taken by the United Nations, which promptly reacted to the September 11 attacks.
Resolution 56/1, adopted by the General Assembly on September 12 and particularly
the Security Councils Resolution 1368 forcefully condemned the attacks.
These resolutions call those attacks a threat to peace and security; urge the
international community to work together to bring to justice the perpetrators,
organizers, and sponsors of those terrorist attacks; call on the international
community to redouble their efforts to prevent and suppress terrorist acts including
by increased cooperation and full implementation of the relevant international
anti-terrorist conventions; and express readiness to take all necessary steps
to respond to the terrorist attacks of September 11 and to combat all forms
of terrorism, in accordance with its responsibilities under the Charter of United
Action on the part of regional bodies to maintain international peace and security
is fully consistent with the provisions of Article 52 of the Charter of the
Article 52 makes it clear that the action of regional organizations to maintain
peace and security do not contradict the provisions of Articles 34 and 35 of
the Charter, which establish the UN Security Councils competence in relation
to any dispute or situation likely to endanger the maintenance of international
peace and security.
The case under review points to the complementary nature of the universal and
the regional. Hence, the obligation on the part of regional organizations to
bring to the attention of the UN Security Council any initiatives to maintain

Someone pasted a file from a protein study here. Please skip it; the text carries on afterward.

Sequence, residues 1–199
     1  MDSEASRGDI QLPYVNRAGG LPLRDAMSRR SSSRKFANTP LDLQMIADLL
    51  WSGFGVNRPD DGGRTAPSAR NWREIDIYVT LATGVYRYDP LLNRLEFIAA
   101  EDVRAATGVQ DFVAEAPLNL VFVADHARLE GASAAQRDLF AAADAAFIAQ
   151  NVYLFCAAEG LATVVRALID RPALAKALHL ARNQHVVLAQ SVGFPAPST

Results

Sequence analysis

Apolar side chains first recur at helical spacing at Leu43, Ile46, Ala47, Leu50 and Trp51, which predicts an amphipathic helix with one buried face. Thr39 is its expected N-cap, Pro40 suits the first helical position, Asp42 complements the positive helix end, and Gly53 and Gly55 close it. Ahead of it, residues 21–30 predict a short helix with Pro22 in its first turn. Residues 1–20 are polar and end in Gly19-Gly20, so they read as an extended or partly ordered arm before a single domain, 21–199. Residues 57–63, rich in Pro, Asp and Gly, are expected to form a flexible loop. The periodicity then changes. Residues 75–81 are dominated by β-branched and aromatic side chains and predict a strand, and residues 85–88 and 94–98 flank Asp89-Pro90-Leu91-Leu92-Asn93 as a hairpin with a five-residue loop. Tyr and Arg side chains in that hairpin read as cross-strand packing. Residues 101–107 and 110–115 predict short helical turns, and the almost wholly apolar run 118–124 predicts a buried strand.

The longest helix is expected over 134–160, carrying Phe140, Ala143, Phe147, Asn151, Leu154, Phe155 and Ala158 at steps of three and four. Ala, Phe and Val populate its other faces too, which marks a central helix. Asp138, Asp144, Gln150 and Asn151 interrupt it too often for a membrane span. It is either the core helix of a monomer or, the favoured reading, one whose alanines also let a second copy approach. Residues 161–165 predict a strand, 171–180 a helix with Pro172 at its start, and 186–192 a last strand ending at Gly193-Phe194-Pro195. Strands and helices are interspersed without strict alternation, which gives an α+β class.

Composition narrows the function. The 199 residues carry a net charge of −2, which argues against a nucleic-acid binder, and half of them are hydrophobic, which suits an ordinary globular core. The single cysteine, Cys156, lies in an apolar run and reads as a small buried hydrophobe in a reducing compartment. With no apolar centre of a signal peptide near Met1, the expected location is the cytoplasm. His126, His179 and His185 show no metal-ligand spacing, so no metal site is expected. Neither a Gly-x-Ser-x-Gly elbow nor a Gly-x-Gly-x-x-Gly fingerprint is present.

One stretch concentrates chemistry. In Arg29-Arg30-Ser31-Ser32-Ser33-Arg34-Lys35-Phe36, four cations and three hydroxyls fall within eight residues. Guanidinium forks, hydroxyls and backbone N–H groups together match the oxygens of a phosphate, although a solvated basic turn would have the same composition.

peace and security, and at all times to conduct these initiatives in coordination
with the Council.
After careful analysis, the Brazilian Government saw the importance of invoking
the hemispheric security instrument. Thus, I convened the Ambassadors of the
Rio Treaty member countries to Brasilia, on September 14, 2001. On that occasion,
I expressed the conviction that the Rio Treatywhich provides for institutional
procedures for the rendering of reciprocal assistance to respond to armed attacks
and to deal with threats of aggression (either threats from other countries
or diffused threats, such as has been the case) against any country in the Americas
is an adequate instrument for the promotion of peace and security on the
American continent. I stressed further that the Brazilian initiative to invoke
the Rio Treaty stemmed from the conviction that it was necessary to complement
on a regional level the intense international mobilization that followed the
In a special session on September 19, the Permanent Council of the OAS called
the Twenty-third Meeting of Consultation of the Ministers of Foreign Affairs
of the Member States of the Organization of American States and the Twenty-fourth
Meeting of Consultation of the Ministers of Foreign Affairs of States Party
to the Rio Treaty.
On Friday, September 21, the Ministers of Foreign Affairs of the Americas held
two meetings in Washington. The first Consultation Meeting, held in accordance
with the provisions of the Charter of the Organization of American States, was
to organize actions of solidarity in response to the aggression. Inter alia,
the Resolution adopted, titled "Strengthening Hemispheric Cooperation to
Prevent, Combat, and Eliminate Terrorism," vigorously condemns the September
11 attacks; calls upon the member States to strengthen cooperation to pursue,
capture, prosecute, and punish the perpetrators, organizers, and sponsors of
these terrorist acts; and to strengthen mutual legal assistance and exchange